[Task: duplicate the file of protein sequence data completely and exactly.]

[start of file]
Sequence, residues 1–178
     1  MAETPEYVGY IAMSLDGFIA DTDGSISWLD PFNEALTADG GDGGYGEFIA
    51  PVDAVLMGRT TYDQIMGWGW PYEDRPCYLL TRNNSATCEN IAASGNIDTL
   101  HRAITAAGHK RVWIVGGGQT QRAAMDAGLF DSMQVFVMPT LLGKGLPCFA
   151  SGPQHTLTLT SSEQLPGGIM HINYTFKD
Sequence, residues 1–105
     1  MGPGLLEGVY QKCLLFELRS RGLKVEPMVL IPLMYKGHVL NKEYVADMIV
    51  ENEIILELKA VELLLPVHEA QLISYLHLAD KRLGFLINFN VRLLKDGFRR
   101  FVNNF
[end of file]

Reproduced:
Sequence, residues 1–178
     1  MAETPEYVGY IAMSLDGFIA DTDGSISWLD PFNEALTADG GDGGYGEFIA
    51  PVDAVLMGRT TYDQIMGWGW PYEDRPCYLL TRNNSATCEN IAASGNIDTL
   101  HRAITAAGHK RVWIVGGGQT QRAAMDAGLF DSMQVFVMPT LLGKGLPCFA
   151  SGPQHTLTLT SSEQLPGGIM HINYTFKD
Sequence, residues 1–105
     1  MGPGLLEGVY QKCLLFELRS RGLKVEPMVL IPLMYKGHVL NKEYVADMIV
    51  ENEIILELKA VELLLPVHEA QLISYLHLAD KRLGFLINFN VRLLKDGFRR
   101  FVNNF